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Coluna/Columna

Print version ISSN 1808-1851

Coluna/Columna vol.10 no.3 São Paulo  2011

http://dx.doi.org/10.1590/S1808-18512011000300008 

ORIGINAL ARTICLE ARTIGO ORIGINAL ARTÍCULO ORIGINAL

 

Left convex thoracic scoliosis - retrospective analysis of 25 patients after surgical treatment

 

Escoliose torácica sinistro-convexa - análise retrospectiva de 25 pacientes após o tratamento cirúrgico

 

Escoliosis torácica convexa izquierda - análisis retrospectivo de 25 pacientes después de tratamiento quirúrgico

 

 

Birgit DeetjenI; Ulf LiljenqvistII; Tobias L. SchulteI; Carolin SchmidtI; Tobias LangeI; Nani OsadaI; Viola BullmannI

IUniversitätsklinikum Münster, Albert-Schweitzer - Campus 1 Münster, Alemanha
IISt. Franziskus-Hospital GmbH - Münster, Alemanha

Correspondência

 

 


ABSTRACT

OBJECTIVE: A retrospective analysis of clinical and radiological data was conducted, with an emphasis on perioperative complications and risk factors and a minimum follow-up period of two years. The postoperative quality of life was assessed using the SRS-22 questionnaire.
METHODS: Between 1999 and 2009, 25 patients (nine male, 16 female) with LCTS, with a mean age of 13.7 years (2.3-29.8 years), were treated with correction and instrumented fusion at a single institution. Seven patients had congenital scoliosis and 18 patients had noncongenital scoliosis (idiopathic, n = 5; neuropathic, n = 4; neoplasm-associated/iatrogenic, n = 3; secondary to other conditions, n = 6). The average preoperative Cobb angle was 74° (49-102°).
RESULTS: A mean correction of 51% was achieved postoperatively. The mean Cobb angle at the final follow-up examination was 45° (19-85°), with a significant loss of correction of 8.8° on average. Major complications affected five patients (20%): respiratory insufficiency requiring prolonged intubation, intraoperative cardiac arrest with resuscitation being necessary twice in one patient, persistent clonus, low-grade infection, implant-based complications requiring revision surgery, and adding-on. Minor complications were observed in 22 patients (88%), mainly gastrointestinal and pulmonary. No cases of paraplegia or death occurred. A noncongenital etiology had been diagnosed before the age of 10 years in all of the patients who had major complications. The best score on the SRS-22 questionnaire was achieved in the domain of pain (87%), while the poorest was in the domain of self-image (68%).
CONCLUSIONS: The results of this study emphasize an increased complication rate in patients with LCTS scheduled for scoliosis surgery. Additional preoperative examinations (MRI, paediatric consultation, cardiologic consultation, pulmonary function test) are mandatory in patients with LCTS. Preoperatively, patients should be informed about the increased cardiopulmonary and neurological risk which may be associated with scoliosis surgery.

Keywords: Instrumentation; Complications; Risk factors; Quality of life; Questionnaire.


RESUMO

OBJETIVO: Foi realizado estudo retrospectivo baseado em parâmetros clínicos e radiológicos, com ênfase nas complicações, fatores de risco e seguimento mínimo de dois anos. A qualidade de vida pós-operatória foi avaliada por meio do questionário SRS-22.
MÉTODOS: No período de 1999 a 2009, 25 pacientes (nove do sexo masculino e 16 do sexo feminino) com idade variando de 2,3 a 29,8 anos (média de idade de 13,7 anos) foram submetidos a tratamento cirúrgico por meio de instrumentação e artrodese. Sete pacientes apresentavam escoliose congenital, cinco apresentavam escoliose idiopática, quatro neuropática, três associada à neoplasia ou iatrogenia, e seis associada a outras doenças. A média dos valores pré-operatórios do ângulo de Cobb foi 74° (49-102°).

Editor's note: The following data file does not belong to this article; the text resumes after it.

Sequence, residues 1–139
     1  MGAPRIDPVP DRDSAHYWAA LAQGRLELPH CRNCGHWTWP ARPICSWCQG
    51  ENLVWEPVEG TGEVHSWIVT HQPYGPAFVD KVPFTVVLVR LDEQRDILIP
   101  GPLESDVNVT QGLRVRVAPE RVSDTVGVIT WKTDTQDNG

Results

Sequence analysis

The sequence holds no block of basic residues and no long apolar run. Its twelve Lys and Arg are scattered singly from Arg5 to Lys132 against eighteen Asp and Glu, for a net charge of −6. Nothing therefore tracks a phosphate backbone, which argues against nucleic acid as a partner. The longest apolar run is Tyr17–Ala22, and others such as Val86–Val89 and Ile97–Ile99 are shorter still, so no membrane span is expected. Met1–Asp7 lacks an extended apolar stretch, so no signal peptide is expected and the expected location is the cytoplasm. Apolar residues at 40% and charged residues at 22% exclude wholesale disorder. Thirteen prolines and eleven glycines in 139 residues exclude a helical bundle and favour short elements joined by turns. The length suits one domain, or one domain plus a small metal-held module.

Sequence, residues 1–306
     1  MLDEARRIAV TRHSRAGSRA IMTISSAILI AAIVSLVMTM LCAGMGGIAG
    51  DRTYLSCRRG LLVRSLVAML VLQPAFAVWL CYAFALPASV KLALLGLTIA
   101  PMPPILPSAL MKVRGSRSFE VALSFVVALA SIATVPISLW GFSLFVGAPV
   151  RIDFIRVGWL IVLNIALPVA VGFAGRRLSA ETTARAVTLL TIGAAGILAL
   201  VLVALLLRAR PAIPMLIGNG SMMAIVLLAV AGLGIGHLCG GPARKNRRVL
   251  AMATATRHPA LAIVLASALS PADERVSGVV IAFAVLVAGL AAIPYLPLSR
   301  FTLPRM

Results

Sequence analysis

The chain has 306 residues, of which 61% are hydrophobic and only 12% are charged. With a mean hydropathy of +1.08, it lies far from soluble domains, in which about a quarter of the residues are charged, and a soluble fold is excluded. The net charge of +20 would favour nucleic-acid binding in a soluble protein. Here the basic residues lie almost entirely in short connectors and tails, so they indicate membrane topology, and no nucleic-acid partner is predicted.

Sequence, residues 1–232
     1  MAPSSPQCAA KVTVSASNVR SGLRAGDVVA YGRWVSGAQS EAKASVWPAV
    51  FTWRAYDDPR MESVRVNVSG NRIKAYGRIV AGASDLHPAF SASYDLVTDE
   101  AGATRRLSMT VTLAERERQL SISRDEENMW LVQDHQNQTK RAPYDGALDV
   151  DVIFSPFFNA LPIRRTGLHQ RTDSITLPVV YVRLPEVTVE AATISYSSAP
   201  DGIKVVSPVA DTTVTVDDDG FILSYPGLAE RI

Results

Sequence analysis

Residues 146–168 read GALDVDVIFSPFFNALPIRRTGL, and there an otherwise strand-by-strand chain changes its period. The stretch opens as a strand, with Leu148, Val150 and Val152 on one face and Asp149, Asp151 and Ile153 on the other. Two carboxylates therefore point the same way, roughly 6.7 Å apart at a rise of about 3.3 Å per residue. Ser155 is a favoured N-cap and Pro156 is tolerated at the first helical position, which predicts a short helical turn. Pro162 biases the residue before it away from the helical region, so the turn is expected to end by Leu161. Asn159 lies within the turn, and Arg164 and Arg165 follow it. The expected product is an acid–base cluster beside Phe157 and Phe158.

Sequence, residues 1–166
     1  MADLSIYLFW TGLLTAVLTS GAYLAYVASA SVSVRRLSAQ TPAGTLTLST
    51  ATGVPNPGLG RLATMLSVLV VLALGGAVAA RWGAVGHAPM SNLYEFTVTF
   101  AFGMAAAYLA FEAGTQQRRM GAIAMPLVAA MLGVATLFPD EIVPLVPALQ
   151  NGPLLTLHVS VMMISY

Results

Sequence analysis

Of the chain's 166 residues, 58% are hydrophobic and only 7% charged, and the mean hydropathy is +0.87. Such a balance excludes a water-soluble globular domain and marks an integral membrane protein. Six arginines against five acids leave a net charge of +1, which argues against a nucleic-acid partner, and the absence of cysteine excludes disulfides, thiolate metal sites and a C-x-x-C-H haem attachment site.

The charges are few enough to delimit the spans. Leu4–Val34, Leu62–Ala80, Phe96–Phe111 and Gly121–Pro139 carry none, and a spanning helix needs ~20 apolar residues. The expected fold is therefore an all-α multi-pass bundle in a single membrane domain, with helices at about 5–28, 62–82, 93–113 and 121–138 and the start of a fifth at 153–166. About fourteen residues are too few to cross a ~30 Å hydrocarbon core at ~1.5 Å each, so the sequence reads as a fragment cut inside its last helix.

RESULTADOS: A média de correção no pós-operatório foi de 51%. Na avaliação de seguimento final, o valor médio do ângulo de Cobb foi 45° com variação de 19 a 85°, tendo ocorrido significante perda da correção com o valor médio de 8.8°. Complicações maiores ocorreram em cinco pacientes (20%): insuficiência respiratória requerendo entubação prolongada, parada cardíaca intraoperatória com ressuscitação, clônus persistente, infecção de baixo grau, complicações com implantes requerendo revisão cirúrgica, e descompensação do tronco. Complicações menores foram observadas em 22 pacientes (88%), sendo principalmente gastrointestinais e pulmonares. Nenhum caso de paraplegia ou morte ocorreu na série de pacientes estudados. As curvas de etiologia não congênita foram diagnosticadas antes dos 10 anos de idade em todos os pacientes que apresentaram complicações maiores. O melhor escore do questionário SRS-22 foi observado no domínio da dor (87%), e o pior no domínio da autoimagem (68%).
CONCLUSÕES: O resultado do estudo enfatiza as altas taxas de complicação nos pacientes portadores de escoliose torácica sinistro-convexa que são submetidos ao tratamento cirúrgico. Avaliações pré-operatórias adicionais (RNM, avaliação pediátrica, avaliação cardiológica, teste de função pulmonar) devem ser realizadas nesse grupo de pacientes. Antes do procedimento, os pacientes devem ser informados acerca do alto risco de complicações cardiopulmonares e neurológicas associadas ao tratamento cirúrgico da deformidade.

Descritores: Instrumentação; Complicações; Fatores de risco; Qualidade de vida; Questionários.


RESUMEN

OBJETIVO: Fue realizado un análisis retrospectivo de datos clínicos y radiológicos, con énfasis en complicaciones perioperatorias y factores de riesgos, y un período mínimo de seguimiento de 2 años. La calidad de vida posoperatoria fue evaluada usándose el cuestionario SRS-22.
MÉTODOS: entre 1999 y 2009, 25 pacientes (nueve del sexo masculino, 16 del sexo femenino) con ETCI, con edad promedio de 13,7 años (2,3 - 29,8 años) fueron tratados con corrección y fusión instrumentada, en una única institución. Siete pacientes tenían escoliosis congénita y 18 pacientes tenían escoliosis no congénita (idiopática, n = 5; neuropática, n = 4; asociada a neoplasma/iatrogénica, n = 3; secundaria de otras condiciones, n = 6). El ángulo de Cobb preoperativo promedio fue 74º (49-102º).